Community
cancel
Showing results for 
Search instead for 
Did you mean: 
Highlighted
Community Manager
2,634 Views

cluster size other that 4KB on Intel SSD

<!-- /* Style Definitions */ p.MsoNormal, li.MsoNormal, div.MsoNormal {mso-style-unhide:no; mso-style-qformat:yes; mso-style-parent:""; margin:0cm; margin-bottom:.0001pt; mso-pagination:widow-orphan; font-size:16.0pt; mso-bidi-font-size:12.0pt; font-family:"Arial","sans-serif"; mso-fareast-font-family:"Times New Roman";} .MsoChpDefault {mso-style-type:export-only; mso-default-props:yes; font-size:10.0pt; mso-ansi-font-size:10.0pt; mso-bidi-font-size:10.0pt;} @page WordSection1 {size:612.0pt 792.0pt; margin:70.85pt 70.85pt 70.85pt 70.85pt; mso-header-margin:36.0pt; mso-footer-margin:36.0pt; mso-paper-source:0;} div.WordSection1 {page:WordSection1;} -->

Most program and data files are much larger than they were when 4KB became the default value for cluster size.

I would like to know whether there is any inconvenience (other than wasting some space) in having 64KB clusters.

And what performance improvements could I expect while loading today's programs and data files.

The information found on the Internet is rather conflicting.

But Intel certainly has solid measured results.

10 Replies
Highlighted
Honored Contributor I
130 Views

Goggle Paragon Tech. and see what they have to say , while you are there check out the Alignment tool .

Highlighted
Community Manager
130 Views

Sorry, but can't you be any more precise with your reference?

0 Kudos
Highlighted
Honored Contributor I
130 Views

Read post by James Walker about PAT

0 Kudos
Highlighted
Community Manager
130 Views

I read the post about PAT.

Alignment seems to be important for SSD performance, so I will use PAT if someone can provide it (the free offer does not exist any more).

BTW, I have tried to do the right thing by using the align= parameter in diskpart.

But my original question about cluster size other than 4KB is still unanswered.

0 Kudos
Highlighted
Honored Contributor I
130 Views

I read a Intel pdf about cluster size ,it seams that the reason for the smaller size is for higher IOPS, see pdf , download.intel.com/it/Solid_State_drives_in Enterprize.pdf .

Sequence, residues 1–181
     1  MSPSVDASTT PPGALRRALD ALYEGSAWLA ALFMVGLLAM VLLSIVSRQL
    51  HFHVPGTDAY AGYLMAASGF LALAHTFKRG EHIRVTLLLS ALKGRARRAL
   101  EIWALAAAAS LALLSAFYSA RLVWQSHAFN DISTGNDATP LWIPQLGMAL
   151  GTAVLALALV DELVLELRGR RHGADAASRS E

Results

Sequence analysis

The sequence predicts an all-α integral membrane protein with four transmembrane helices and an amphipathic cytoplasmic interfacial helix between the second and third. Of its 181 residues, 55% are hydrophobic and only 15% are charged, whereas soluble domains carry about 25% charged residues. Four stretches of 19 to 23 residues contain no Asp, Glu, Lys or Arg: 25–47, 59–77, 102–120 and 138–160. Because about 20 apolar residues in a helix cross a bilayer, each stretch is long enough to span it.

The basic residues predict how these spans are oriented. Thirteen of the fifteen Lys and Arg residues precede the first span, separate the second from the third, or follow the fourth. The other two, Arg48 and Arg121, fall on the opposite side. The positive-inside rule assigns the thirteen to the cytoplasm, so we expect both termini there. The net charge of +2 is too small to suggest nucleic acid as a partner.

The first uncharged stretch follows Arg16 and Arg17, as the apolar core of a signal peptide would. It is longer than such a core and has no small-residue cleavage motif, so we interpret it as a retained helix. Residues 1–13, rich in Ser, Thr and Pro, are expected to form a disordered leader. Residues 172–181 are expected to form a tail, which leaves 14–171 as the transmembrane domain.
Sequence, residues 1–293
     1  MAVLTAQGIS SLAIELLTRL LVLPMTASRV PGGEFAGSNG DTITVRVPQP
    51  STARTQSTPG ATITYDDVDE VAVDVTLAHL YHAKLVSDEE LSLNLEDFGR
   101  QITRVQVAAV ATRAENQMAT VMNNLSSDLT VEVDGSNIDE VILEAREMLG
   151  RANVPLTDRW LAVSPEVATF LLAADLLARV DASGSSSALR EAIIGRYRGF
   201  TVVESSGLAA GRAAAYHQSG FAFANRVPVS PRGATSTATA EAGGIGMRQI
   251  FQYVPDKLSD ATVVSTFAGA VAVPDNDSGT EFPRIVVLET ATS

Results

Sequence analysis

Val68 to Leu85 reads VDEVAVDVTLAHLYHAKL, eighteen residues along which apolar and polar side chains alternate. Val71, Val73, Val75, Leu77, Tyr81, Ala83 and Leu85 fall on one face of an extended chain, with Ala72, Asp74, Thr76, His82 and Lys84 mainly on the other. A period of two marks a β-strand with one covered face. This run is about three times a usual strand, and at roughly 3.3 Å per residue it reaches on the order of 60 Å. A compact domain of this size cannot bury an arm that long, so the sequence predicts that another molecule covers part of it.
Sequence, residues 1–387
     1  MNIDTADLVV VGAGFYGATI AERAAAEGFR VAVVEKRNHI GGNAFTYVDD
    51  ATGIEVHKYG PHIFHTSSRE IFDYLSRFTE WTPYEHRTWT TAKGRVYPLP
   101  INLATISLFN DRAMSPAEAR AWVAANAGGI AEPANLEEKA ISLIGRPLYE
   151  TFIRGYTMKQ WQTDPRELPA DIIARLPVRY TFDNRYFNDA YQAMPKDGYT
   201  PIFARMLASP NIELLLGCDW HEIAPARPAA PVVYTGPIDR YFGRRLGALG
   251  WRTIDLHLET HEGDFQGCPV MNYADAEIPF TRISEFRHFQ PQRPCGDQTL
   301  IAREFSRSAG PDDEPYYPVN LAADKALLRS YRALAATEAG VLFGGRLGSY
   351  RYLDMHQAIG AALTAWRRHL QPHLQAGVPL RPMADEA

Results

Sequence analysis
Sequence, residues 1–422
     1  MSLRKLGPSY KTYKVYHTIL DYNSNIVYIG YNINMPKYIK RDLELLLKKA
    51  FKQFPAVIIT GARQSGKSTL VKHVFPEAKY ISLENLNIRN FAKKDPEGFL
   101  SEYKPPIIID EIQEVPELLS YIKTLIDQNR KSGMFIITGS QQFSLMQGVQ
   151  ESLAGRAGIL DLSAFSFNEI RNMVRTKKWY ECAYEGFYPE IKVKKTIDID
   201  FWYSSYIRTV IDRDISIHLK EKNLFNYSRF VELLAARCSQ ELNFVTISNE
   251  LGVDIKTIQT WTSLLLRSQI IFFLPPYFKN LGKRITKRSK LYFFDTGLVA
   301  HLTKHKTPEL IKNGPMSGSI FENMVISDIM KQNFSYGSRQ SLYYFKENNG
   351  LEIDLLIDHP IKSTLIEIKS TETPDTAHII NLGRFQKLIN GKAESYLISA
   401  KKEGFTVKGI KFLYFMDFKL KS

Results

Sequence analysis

0 Kudos
Highlighted
Community Manager
130 Views

The referenced pdf reports of tests with workloads of various "block" sizes, but it does not compare various "cluster" sizes in e.g. NTFS.

0 Kudos
Highlighted
Honored Contributor I
130 Views

I think after reading the pdf , the jist of it is do you want high IOPS use 4kb , If you are doing video editing use 64kb , It a choice over speed or file size.

0 Kudos
Highlighted
Community Manager
130 Views

There is a section (in the pdf link below) on how block sizes can influence performance, which basically confers with what the white paper and Robert are saying.

http://www.snia-europe.org/Document.nsf/A53AA71753BDD64E8825772D003E4CD3/$FILE/Performance_Benchmark...

0 Kudos
Highlighted
Community Manager
130 Views

The motivation for my original question is that I want to maximize the responsiveness of my W7 laptop.

So I think I have to optimize it for large program and data files being loaded, small ones will load quickly anyway.

I therefore generated my data and backup partitions to NTFS with 64KB clusters (unit=64k in diskpart parlance).

Despite many efforts, I did not succeed in changing the system partition's cluster size to anything greater than 4KB, neither before installation (diskpart), nor after installation (Partition Wizard Pro) which provides a "change cluster size" function.

The Partition Wizard Pro's error message indicated that my system contains compressed files, files which can only be held in 4KB clusters.

When I will do the next clean install, I will create a separate partition for the program files, partition which I can create with 64KB clusters.

Thank you for informing me about the alignment issue.

It turned out that my boot + system partition was not correctly aligned, even though I had used the diskpart align=1024 parameter.

I finally succeded by omitting the align= parameter, in other words, W7 does align properly without any help from the user.

0 Kudos
Highlighted
Community Manager
130 Views

Hello,

 

Almost two years later, I finally was able to satisfy my curiosity.

 

I got a new laptop, with to different SSDs installed (not Intel though).

 

On five identical size partitions, except for the cluster sizes 4KB, 8KB, 16KB, 32KB and 64KB respectively, I ran CrystalDiskMark Seq and 512K random performance tests.

 

Result:

All indicated performance figures were within 1.5%, a difference which I consider to be smaller than the measurement accuracy.

And no trend in one way or another!

 

Conclusion: I formatted all my partitions with 4KB cluster sizes.

0 Kudos